Endless queues at gas stations: why fuel is lacking in France

Long lines at gas stations across France are a consequence of the strike at refineries and gas stations, whose workers are demanding wage increases. About 30% of refining capacity has been affected and a third of France lacks fuel. The shutdowns impact European markets at a time of global energy shortages.

Despite pressure from the authorities, the main unions resumed strikes on Tuesday ( ) at TotalEnergies facilities, including its main refinery in Le Havre (in the north of the country), and at two refineries owned by competitor Esso-ExxonMobil.

After threatening to intervene if the situation did not normalize, the government spoke out again. The country’s prime minister, Élisabeth Borne, announced the call for personnel to release the fuel depots of the Esso-Exxonmobil group, which proposed a salary agreement on Monday (10), a salary increase of 6.5% in 2023, accompanied by a series of bonuses – a proposal rejected by the union strikers CGT and FO.

“Management’s announcements are significant. That’s why I asked the mayors to initiate, as permitted by law, the procedure for summoning personnel essential to the operation of the company’s warehouses”, declared Borne.

Commenting on the situation in the other oil group affected by the strike movements, TotalEnergies, the premier urged management and unions to get involved in salary negotiations.

The CGT union, which called for the strike at Total, demands a salary increase of 10% still in 2022 – 7% for inflation and 3% for wealth distribution- , but the company’s management said, initially, that it was open to negotiating only the salary of 2023.

The strikers managed to make the oil group agreed to bring forward the salary negotiation to November, but with the condition of the end of the strike, which the workers considered “blackmail”.

“Social dialogue is always more fruitful than conflict” , said the prime minister. “Failing that, the government will act, again, to unblock the situation”, he added.

“Paralyzing is not a way of negotiating”, opined President Emmanuel Macron, by “calling everyone – companies and unions – to responsibility and the speedy conclusion of negotiations” to end the strikes.

The crisis increases criticism from the opposition to Macron’s administration. The right accuses the “lack of anticipation” in relation to previous strike threats and calls for quick action by the government, while the extreme left criticizes the “threats to workers” and “caresses to bosses”.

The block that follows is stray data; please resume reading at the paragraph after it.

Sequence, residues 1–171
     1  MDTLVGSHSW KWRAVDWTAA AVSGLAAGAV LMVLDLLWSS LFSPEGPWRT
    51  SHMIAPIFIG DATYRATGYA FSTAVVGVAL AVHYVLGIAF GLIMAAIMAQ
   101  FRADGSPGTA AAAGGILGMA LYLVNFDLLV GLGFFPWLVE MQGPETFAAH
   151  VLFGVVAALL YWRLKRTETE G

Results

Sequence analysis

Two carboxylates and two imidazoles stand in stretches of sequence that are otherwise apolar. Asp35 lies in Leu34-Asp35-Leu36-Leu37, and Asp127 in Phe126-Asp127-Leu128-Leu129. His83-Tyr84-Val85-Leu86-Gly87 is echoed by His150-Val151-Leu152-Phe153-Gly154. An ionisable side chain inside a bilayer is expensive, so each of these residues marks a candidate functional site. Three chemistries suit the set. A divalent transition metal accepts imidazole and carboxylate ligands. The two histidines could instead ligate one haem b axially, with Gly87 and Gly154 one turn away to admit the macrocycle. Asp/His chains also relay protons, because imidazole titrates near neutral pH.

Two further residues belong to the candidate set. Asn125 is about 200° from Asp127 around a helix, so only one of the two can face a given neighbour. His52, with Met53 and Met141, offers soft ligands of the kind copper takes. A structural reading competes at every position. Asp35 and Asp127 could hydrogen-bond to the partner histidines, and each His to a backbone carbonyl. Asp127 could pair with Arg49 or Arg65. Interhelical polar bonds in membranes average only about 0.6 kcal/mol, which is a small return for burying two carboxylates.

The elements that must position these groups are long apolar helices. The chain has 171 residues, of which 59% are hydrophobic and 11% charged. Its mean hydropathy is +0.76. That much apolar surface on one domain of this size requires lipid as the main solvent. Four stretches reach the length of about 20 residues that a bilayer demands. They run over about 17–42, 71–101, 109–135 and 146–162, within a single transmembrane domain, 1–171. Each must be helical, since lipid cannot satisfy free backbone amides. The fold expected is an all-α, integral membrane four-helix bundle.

Risks to the food sector

The Cold Logistics Channel (free translation for La Chaîne Logistique du Froid), an association that brings together 120 refrigerated transport companies warned on Tuesday against “interruptions in the delivery of food products to the French” if fuel shortages due to strikes persist. “The blockades of oil refineries are confronting companies that transport perishable food”, highlighted the group in a press release.

According to the association, which claims to federate 120 companies with a total of 50 thousand workers and about 2017 thousand refrigerated trucks, “among the transporters that have cisterns, the available reserves are, in some cases, less than a week”.

“Most professionals have products for only three or four days”, said Jean-Marc Rivera, General Delegate of the Organization of European Road Transport Operators (OTRE), to the French newspaper Le Figaro.

Professionals affected by the lack of fuel

“I couldn’t find fuel today to go to work, even after standing in line for three hours. I also had to cancel the trip to visit my parents for the weekend, as they need my help”, said Émilie Dupas, a nurse from Bron, in the Rhône-Alpes region, to Gazeta do Povo.

The situation is similar to Gilles Thimonier, from Lyon: “This crisis is not just about fuel. It affects everyone’s work, in the most diverse areas. It’s chaos and I don’t know when things will get back to normal”, described the French lawyer.

About 30 )% of gas stations in the country face supply difficulties, and in some regions fuel shortages affect almost 60% of establishments, according to the Ministry of Energy Transition.

The car remains one of the main means of transport in the most diverse professional areas. In 2017, three quarters of 24, 6 million workers interviewed by the government said they use this type of vehicle.

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